New York Music Daily

No New Abnormal

Yet Another Lush, Picturesque Concert Album From the London Philharmonic

For the past several years, the London Philharmonic Orchestra has been releasing one live recording after another. Clearly, they cherrypick their concerts for particularly prime performances. One such came out last fall: a choice program of works by Ravel and Debussy, conducted meticulously and purposefully by François-Xavier Roth and streaming at Spotify.

Beyond the simple pairing of a couple of French impressionists, it’s a smart choice of pieces. Roth considered the famous, chromatic descending progression of Prélude à l’après-midi d’un faune and immediately thought of the big riff from Ravel’s Rapsodie espagnole – or the other way around.

This is often a very suspenseful recording. Although one hardly thinks of Debussy or Ravel as Halloween music, it was tempting to save this for the annual October-long Halloween celebration here. While the cd booklet doesn’t specify the location where the concert was recorded, there’s a generous amount of natural reverb, soloists bright and clear over the lushness of the massed high strings somewhat muted behind them.

Rising from almost complete silence, Roth leads the ensemble in a terse, hushed, relentlessly uneasy pulse, even beyond the first flamenco flute cadenza of the Rapsodie espagnole. The momentary Malaguena dance is coyly and elegantly phantasmagorical; the Habanera, starry and lustrous until sudden flashes of fireworks. The dynamics of the coda are on the restrained side for the most part. adding considerable and rather unexpected poignancy and make the finale seem even more explosive.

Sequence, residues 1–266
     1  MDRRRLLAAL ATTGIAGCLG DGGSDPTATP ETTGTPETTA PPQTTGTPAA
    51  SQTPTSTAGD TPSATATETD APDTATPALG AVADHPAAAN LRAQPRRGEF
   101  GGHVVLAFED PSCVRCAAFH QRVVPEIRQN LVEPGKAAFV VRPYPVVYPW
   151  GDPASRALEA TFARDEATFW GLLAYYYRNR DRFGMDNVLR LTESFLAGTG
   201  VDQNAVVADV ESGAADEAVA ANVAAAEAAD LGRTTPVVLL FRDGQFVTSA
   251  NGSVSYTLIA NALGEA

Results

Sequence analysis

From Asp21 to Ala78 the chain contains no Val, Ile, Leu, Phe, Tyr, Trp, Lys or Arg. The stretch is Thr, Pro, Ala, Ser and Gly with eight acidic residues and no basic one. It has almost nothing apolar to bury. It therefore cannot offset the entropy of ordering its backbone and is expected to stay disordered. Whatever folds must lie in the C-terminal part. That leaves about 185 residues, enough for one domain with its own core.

The take of Prélude à l’après-midi d’un faune is similarly cautious and low-key, straight through to the woodwinds and the soloists, although Roth plays up the Spanish tinges as you would hope he’d do with this program. Then, when you would least expect it, everybody picks up the pace for a bit before returning to a pastorale that’s short of being languid. This is late afternoon and Bambi is on the lookout for guys with guns!